Throwback Thursday: “Did kittens get their name in Britain?”

This week’s Throwback Thursday post was originally published on April 12, 2012, when The Nine-Year-Old was only five.

Sometime last year, The Five-Year-Old discovered the highly informative children’s book series “The Cat in the Hat Knows A Lot About That.” The books relay all kinds of fun facts about the natural world in a Seussian rhyme scheme. The lively presentation has convinced The Five-Year-Old that words that rhyme have some special connection, if only she can find it.

This hypothesis has made for a fun project. The past few weeks have been filled with all sorts of marvelously poetic discoveries, such as the fact that “worms squirm”, “mice get lice,” and my personal favorite, “old cats sleep on furry mats!”

Recently, The Five-Year-Old realized that kitten rhymes with Britain. So it was only natural for her to wonder, “Mommyo, did kittens get their name in Britain?”

After consulting our copy of the Merriam-Webster dictionary, I told The Five-Year-Old that the word kitten comes from the Latin cattus.

The Five-Year-Old, laughing: “Cattus? That’s silly.”

Anyway, a very long time ago, the French…

The Five-Year-Old: “How long ago, Mommyo?”

Sometime before the Middle Ages…

The Five-Year-Old: “What’s that?”

At least 600 years ago, the French took the Latin word for cat (cattus) and turned it into the French word for cat (chat).

The Five-Year-Old, patiently: “I’m talking about kittens, Mommyo.”

And because kittens are small cats, the French made a small word, kiton, to talk about them.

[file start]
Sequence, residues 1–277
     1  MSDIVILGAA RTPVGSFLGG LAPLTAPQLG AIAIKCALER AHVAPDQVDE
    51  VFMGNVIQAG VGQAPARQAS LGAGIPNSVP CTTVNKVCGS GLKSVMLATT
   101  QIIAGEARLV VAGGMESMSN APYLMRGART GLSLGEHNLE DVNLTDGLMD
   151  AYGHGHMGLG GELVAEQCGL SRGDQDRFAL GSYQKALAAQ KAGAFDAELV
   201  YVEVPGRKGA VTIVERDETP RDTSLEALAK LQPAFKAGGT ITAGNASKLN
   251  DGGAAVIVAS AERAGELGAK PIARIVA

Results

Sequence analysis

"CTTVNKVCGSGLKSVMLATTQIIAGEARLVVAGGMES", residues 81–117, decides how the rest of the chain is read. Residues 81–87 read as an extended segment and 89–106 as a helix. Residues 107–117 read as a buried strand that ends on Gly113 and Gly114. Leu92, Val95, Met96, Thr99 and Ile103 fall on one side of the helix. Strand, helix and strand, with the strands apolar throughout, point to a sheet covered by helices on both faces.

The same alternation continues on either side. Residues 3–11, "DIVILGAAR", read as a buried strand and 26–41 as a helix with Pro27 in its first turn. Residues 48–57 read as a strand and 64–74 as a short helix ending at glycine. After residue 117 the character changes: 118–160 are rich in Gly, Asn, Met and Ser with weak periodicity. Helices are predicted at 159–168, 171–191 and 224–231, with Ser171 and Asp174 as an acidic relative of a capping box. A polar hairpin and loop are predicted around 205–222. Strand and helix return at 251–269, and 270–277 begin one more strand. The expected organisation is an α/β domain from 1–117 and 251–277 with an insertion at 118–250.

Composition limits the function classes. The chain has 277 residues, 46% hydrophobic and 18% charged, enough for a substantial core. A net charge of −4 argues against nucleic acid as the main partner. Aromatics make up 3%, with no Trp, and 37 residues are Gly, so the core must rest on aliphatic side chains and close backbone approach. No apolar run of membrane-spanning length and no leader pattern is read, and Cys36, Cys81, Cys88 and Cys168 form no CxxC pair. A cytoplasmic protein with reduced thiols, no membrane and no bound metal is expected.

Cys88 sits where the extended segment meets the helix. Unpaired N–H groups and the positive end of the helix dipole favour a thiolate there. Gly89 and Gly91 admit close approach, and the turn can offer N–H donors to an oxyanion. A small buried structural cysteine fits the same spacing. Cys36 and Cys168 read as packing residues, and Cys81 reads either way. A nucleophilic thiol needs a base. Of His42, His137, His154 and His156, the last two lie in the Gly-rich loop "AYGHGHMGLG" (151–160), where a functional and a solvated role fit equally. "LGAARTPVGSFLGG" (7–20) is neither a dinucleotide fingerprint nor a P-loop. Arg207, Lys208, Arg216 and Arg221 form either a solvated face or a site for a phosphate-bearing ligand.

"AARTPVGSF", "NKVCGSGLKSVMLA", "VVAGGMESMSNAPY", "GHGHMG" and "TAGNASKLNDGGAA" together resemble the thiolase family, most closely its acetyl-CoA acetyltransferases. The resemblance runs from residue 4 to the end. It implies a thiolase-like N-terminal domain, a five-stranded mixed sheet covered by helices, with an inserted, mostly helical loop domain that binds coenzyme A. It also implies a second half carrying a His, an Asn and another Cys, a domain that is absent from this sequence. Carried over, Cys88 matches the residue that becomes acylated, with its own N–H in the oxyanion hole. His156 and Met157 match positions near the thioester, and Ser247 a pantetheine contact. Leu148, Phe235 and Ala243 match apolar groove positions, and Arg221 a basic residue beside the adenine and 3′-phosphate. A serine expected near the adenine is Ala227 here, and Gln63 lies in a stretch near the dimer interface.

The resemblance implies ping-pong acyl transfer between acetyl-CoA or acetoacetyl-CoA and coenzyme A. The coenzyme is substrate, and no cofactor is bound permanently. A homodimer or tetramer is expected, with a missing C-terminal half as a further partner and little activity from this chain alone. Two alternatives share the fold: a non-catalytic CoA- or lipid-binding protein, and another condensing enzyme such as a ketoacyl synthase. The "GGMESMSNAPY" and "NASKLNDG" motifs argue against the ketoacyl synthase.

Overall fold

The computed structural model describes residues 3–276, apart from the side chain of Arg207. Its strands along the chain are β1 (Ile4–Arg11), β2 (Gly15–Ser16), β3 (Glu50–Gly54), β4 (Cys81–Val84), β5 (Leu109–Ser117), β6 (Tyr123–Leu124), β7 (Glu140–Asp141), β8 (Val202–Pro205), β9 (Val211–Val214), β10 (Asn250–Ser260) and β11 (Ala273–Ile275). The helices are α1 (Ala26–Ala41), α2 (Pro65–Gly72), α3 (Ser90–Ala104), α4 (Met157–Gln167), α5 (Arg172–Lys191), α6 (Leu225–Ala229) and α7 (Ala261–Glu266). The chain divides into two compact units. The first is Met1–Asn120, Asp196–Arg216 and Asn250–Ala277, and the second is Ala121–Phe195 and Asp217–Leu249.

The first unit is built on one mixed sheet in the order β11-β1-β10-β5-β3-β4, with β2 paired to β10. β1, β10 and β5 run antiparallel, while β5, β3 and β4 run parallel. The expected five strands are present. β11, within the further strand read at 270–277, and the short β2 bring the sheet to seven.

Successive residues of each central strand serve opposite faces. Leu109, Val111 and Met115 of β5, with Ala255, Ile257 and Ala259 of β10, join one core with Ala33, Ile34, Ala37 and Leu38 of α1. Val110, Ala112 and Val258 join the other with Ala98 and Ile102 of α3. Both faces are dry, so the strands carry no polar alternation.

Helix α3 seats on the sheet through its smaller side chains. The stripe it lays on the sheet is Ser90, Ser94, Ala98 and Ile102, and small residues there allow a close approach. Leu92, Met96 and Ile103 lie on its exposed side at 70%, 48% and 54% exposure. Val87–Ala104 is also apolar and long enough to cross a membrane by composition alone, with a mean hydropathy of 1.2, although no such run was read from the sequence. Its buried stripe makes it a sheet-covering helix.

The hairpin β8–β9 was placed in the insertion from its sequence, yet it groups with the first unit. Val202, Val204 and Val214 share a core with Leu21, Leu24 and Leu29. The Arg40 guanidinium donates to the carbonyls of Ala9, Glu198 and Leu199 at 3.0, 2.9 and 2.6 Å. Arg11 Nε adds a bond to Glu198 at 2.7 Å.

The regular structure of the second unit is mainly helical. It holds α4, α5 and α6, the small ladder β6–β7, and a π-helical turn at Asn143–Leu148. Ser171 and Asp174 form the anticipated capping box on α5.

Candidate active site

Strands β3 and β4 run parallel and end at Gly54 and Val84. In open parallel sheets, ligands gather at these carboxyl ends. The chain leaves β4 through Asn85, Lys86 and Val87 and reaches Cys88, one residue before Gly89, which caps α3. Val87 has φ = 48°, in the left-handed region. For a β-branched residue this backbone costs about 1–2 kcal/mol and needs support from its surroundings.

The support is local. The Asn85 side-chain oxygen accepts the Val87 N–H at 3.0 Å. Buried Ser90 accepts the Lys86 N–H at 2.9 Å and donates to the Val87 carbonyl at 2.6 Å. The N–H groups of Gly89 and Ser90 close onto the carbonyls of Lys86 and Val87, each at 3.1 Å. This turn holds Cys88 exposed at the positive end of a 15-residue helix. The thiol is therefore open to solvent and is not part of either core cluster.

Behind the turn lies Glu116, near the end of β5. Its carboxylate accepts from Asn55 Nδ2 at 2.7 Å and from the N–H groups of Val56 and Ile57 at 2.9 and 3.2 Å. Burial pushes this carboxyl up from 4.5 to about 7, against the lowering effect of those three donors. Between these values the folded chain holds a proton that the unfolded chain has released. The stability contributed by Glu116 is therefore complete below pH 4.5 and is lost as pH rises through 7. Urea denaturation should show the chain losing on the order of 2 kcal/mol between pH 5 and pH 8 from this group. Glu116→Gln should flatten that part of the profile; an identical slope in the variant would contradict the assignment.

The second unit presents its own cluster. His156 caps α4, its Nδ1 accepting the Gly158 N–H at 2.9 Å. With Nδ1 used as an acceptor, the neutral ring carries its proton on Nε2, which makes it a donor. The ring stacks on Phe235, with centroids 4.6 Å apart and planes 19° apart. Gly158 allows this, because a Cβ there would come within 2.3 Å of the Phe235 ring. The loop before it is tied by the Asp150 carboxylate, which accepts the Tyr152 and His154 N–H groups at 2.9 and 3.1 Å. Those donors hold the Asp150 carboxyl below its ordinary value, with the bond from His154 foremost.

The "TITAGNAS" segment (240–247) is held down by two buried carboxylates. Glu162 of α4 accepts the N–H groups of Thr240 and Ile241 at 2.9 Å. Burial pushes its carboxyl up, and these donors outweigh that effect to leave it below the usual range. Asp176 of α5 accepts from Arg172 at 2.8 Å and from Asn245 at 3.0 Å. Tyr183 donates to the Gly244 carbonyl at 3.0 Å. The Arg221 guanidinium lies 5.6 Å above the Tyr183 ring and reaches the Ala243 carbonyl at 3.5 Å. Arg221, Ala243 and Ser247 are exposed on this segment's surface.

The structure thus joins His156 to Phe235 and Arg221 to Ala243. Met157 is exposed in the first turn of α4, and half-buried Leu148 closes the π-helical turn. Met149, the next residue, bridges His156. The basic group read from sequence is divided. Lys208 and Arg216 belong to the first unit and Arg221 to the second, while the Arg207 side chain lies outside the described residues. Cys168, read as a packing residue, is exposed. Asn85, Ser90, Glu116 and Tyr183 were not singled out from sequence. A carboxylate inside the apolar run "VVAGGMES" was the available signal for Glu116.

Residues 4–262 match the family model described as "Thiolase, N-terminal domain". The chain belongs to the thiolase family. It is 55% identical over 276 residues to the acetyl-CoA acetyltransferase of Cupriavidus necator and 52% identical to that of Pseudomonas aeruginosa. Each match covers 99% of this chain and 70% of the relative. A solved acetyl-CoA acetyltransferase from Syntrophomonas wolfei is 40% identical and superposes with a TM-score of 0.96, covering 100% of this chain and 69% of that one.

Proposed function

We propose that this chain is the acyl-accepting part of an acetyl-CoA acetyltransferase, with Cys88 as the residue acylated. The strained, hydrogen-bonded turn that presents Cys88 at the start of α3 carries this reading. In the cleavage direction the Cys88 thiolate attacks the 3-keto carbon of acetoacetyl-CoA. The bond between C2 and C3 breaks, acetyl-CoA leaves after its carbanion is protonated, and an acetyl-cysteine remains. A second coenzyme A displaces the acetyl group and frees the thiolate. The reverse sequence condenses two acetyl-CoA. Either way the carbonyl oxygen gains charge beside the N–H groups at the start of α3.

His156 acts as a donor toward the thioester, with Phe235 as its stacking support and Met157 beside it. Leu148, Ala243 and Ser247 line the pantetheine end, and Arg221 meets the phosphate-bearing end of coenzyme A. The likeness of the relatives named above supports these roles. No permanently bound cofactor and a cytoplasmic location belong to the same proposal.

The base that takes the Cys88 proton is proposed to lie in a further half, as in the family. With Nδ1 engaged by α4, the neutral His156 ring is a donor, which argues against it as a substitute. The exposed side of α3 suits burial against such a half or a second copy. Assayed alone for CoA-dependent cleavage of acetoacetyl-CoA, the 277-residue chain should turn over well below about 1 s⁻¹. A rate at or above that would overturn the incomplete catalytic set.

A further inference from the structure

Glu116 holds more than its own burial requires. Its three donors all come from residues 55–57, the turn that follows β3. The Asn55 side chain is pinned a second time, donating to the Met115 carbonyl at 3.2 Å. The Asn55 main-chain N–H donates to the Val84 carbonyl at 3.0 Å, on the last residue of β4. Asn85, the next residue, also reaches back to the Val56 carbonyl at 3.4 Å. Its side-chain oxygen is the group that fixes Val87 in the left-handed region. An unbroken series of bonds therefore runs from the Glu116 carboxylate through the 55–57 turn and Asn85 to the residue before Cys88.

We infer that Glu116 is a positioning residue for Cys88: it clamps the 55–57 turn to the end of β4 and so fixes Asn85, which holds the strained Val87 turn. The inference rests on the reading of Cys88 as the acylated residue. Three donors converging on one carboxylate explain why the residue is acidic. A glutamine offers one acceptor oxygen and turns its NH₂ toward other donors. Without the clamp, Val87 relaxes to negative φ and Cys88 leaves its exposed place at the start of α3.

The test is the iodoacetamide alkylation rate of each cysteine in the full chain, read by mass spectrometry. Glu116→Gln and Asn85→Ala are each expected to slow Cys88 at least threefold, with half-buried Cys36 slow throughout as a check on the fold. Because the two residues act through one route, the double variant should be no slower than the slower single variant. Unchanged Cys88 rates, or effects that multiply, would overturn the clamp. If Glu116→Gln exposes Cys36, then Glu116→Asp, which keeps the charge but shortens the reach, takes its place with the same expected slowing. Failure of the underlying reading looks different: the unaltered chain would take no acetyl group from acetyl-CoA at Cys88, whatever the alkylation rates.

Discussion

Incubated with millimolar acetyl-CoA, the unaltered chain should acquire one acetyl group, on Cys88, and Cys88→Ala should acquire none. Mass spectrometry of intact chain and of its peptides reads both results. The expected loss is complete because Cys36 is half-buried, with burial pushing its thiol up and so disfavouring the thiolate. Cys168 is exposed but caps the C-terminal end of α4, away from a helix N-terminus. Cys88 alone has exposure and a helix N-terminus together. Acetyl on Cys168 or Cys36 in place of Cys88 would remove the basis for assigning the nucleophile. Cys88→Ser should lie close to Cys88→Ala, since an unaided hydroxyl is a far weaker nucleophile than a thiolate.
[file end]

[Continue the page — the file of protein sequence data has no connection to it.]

The Five-Year-Old, dubiously: “That word’s bigger.”

So I explained that when I said small word, I meant a nickname.

The Five-Year-Old, reasonably: “Can you just say nickname all the time?”

OK. So anyway, the folks who lived in Britain in the Middle Ages — 600 years ago — heard the French word kiton, and liked it enough to start using it themselves. At first, the British said kitoun….

The Five-Year-Old, giggly: “Why?”

I don’t know. Maybe they didn’t hear it right the first time. Or maybe, like me, their French accent is terrible. Regardless, by the 14th century the Middle English word kitoun became our word kitten.

The Five-Year-Old, suspiciously: “Does Daddyo know this?”

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About Shala Howell

Writer of things ranging from optical network switching white papers to genetic testing patient education materials to historical fiction set in an 1880s asylum. When I’m not scratching my head over pesky characters who refuse to do things how I want them done or dreaming of my next book (which will of course be much easier to write than the current one), my writerly self can be found blogging about life with a very curious Ten-Year-Old at Caterpickles.com, or musing about books and the writing life at BostonWriters.wordpress.com.
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